Interviewer:  How do you keep your spirits up and maintain resolve?

 

Shetterly: I feed a lot on other people’s commitment and courage.  One of the people I’m going to paint soon is Lois Gibbs.  In the late seventies in Niagara, New York, Gibbs led the fight against the chemical dump called Love Canal, where a school and all these developments had been built on top of this unbelievably toxic chemical dump.  The company, Hooker Chemical, had sold the land to the town for one dollar, just to get rid of it; the town had to sign a statement saying that they would never prosecute or question anything that was in it.  So the town should have known what they were getting into.  Hundreds of people got sick, died, genetic problems, birth defects, miscarriages, cancers.  Gibbs led this struggle in having the state and the federal government pay to relocate about eight hundred families because their real estate became worthless and they were all sick.  She is an incredibly courageous person.  Her work led to the Superfund law and trying to clean up toxic dumps around the country, and she still does this stuff.   Our history is full of stories like this.

 

To have time to be consumed in doing the physical painting, and honoring the person by doing that, that really keeps my spirits up too.  Also, being in a classroom with young kids and telling them history they don’t know keeps my spirits up.

 

 

The only thing that doesn’t keep my spirits up is staying informed with the deep news about what’s going on, say, in the environment at this moment.  We’ve almost killed the ocean, from the lowest to the biggest in terms of what supports life on this planet.  What does this mean?  That’s the heaviest part, the constant need to know the truth, not just what you want to know, or like to believe, or see things as improving, but to know what’s really happening.

 

Interviewer: It feels like you’ve put forth a manifesto of truth tellers.  It must be empowering to be connected with this network of heroes?

 

Shetterly:  It is.  About the only way that our economic and social culture can continue the way it is, is in a state of denial of the effects that it’s causing.  One can choose to live in that denial as though that music is going to keep playing, or you can move the curtain away and find out what’s really going on behind there and where it’s leading.

 

To be with people like that who have made the decision to either know or try to know the truth about what’s really happening is exciting.  One of the aspects of why I call this Americans Who Tell the Truth is about that issue.  Unless you face the truth of what the problem is, you can’t fix it.  We’re a country that pretends we can reform and treat symptoms and go on doing that forever and everything will be okay.  If we don’t treat the causes, finally the causes will overwhelm us, as they are now. Whether it’s as we were just talking about, the oceans, or the economy, or anything else, we’re not treating the cause.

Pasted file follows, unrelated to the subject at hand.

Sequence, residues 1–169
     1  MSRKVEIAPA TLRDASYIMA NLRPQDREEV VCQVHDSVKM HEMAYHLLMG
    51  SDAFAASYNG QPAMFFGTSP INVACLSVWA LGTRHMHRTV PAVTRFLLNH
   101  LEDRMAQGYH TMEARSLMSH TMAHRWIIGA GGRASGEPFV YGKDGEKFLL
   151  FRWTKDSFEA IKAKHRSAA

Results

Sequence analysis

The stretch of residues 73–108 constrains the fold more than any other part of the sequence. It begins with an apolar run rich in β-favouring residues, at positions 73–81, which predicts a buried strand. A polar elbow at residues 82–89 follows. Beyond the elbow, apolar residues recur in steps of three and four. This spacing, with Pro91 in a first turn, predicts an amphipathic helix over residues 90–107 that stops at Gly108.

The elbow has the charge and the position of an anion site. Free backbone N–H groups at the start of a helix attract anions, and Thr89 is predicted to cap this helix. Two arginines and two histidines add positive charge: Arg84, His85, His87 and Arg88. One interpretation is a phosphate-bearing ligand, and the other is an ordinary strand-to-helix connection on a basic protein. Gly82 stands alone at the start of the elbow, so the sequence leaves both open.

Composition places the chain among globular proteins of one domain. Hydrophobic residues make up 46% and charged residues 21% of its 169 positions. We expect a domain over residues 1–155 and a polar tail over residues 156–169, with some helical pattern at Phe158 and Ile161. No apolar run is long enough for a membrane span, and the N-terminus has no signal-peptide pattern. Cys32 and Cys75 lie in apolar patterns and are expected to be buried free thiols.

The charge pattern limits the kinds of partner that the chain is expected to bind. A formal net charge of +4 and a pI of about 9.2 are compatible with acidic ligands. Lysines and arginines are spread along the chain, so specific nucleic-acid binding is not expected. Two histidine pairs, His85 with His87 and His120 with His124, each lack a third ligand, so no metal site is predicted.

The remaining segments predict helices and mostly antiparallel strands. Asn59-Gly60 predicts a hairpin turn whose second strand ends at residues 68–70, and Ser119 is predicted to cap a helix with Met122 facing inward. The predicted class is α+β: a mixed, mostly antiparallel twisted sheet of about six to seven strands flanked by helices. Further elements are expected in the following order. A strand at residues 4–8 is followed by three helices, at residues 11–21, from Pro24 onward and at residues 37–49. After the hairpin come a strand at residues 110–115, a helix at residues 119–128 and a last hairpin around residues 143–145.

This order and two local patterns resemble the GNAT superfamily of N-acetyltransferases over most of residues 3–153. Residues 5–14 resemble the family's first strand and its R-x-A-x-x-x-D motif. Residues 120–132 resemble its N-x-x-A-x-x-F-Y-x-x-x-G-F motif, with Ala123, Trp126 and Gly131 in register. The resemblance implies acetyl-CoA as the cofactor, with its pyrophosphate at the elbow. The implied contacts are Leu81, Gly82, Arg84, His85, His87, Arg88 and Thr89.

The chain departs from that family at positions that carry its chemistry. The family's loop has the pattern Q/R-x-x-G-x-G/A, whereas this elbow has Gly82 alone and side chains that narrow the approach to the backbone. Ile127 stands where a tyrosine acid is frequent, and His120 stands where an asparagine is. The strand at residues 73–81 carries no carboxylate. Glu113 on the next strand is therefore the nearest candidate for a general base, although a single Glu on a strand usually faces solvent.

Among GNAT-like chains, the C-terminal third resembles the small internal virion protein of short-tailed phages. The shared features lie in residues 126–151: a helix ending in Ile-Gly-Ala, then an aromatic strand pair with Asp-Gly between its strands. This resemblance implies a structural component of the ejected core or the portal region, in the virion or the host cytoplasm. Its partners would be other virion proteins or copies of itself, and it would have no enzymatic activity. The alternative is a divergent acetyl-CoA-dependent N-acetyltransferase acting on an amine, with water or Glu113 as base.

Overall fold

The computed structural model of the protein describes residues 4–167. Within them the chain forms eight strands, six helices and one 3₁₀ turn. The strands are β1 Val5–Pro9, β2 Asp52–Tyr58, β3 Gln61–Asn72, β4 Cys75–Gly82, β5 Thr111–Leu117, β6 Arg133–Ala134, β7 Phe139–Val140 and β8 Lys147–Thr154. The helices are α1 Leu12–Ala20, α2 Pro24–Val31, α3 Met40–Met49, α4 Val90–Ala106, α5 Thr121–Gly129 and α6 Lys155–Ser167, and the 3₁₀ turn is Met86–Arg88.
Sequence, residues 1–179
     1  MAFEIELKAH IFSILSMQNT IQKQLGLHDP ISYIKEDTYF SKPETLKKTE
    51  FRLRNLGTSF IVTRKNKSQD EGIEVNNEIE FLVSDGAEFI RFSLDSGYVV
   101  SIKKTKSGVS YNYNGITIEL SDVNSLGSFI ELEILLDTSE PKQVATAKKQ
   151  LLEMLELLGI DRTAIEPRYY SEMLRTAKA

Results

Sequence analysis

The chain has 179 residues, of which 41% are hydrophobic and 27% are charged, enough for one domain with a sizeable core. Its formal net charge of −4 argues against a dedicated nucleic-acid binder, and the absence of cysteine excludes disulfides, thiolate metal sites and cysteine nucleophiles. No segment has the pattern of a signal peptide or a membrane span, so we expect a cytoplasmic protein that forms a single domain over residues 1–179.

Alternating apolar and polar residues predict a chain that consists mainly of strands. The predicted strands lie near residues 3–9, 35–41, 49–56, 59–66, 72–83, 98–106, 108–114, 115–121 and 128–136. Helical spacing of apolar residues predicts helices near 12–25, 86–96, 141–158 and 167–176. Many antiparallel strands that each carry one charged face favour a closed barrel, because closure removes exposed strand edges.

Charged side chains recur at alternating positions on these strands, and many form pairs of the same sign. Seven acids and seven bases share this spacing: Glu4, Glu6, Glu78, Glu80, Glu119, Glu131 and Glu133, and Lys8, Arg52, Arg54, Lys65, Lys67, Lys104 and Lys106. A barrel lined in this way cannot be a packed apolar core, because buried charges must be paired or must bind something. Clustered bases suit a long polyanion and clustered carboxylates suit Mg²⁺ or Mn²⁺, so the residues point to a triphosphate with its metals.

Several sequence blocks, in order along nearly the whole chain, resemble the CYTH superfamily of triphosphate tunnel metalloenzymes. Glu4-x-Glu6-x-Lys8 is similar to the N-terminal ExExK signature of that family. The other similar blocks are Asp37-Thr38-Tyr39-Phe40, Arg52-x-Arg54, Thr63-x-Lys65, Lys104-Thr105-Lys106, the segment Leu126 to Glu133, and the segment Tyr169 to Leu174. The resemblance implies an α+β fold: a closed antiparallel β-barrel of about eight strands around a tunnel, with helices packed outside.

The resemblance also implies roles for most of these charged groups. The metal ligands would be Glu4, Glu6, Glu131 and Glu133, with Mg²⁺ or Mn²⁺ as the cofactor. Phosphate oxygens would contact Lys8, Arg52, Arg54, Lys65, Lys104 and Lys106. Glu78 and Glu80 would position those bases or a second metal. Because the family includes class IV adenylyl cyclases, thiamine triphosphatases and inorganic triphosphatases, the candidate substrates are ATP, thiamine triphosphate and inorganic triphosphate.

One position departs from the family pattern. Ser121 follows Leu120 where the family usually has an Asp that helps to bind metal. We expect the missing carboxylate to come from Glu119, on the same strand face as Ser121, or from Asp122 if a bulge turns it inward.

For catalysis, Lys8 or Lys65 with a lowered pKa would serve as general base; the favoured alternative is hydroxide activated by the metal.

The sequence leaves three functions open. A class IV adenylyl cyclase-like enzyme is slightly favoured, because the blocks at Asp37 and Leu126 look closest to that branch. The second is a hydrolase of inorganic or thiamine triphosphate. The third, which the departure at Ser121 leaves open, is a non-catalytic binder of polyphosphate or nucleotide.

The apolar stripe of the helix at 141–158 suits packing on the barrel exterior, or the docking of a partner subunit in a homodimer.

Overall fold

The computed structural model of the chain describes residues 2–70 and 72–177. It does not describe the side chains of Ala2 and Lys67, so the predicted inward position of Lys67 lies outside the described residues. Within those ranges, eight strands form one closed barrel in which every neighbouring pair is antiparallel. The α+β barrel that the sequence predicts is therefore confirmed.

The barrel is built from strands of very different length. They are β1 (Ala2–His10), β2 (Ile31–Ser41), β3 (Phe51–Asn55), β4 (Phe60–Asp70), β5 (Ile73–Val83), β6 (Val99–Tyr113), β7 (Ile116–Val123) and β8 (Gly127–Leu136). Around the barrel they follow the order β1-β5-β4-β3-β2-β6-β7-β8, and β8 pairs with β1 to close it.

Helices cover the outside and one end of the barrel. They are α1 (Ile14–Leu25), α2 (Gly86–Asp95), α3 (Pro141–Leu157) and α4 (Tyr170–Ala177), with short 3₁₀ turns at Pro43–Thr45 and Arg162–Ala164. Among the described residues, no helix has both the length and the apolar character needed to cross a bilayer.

James Baldwin said people who close their eyes to reality simply invite their own destruction.  We’ve been inviting our own destruction for many years now, but pretending we’re doing a great service to the world by being a paragon of both democracy and capitalism, as though they’re the same thing.  That untruth, which is part of the American myth of power and exceptionalism, is incredibly dangerous.  To be around people who understand the danger of that myth and also how hard it is to eradicate it is a good feeling.

 

I was at a program two weeks ago in Washington DC with Ralph Nader, and a group of people I painted all came together at Washington College of Law to talk about law and ethics and integrity in America.  They were all people I painted.  It was a dream come true, except I never could have dreamed it [laughs].  Nader was talking about the idea of truth telling, and he said what we’re talking about is people who are naming reality, it’s not like truth is a slippery amorphous subjective thing, we’re talking about realities here.  It’s not like, who’s your god and where does he or she or it live in the cosmos, it’s not those kind of amorphous belief systems, we’re talking about truths, realities, not beliefs.

 

Interviewer: Do you see the mediums of words and visual art affecting people in different ways?

 

Shetterly: It’s very gratifying to get the kind of feedback I get from people who have been moved by either the words or the images or both, which makes me just want to do more.

 

Every one of us becomes a potential extender of somebody else’s reality.  If I painted the portraits and had them in my basement and nobody ever asked to show them, nothing would have happened, there wouldn’t be the Americans Who Tell the Truth book, nothing.  It’s because other people get moved by the paintings, and say, I want to bring this to an audience somewhere, I want to get you in a classroom to talk to children, I want to bring you to a library to talk to adults.  Every person who makes a decision like that is just as important as I am in terms of the reality of what I do.  Then being able to extend the reality of the people I paint and use their words to make the further inspiration to not just be moved, but to act.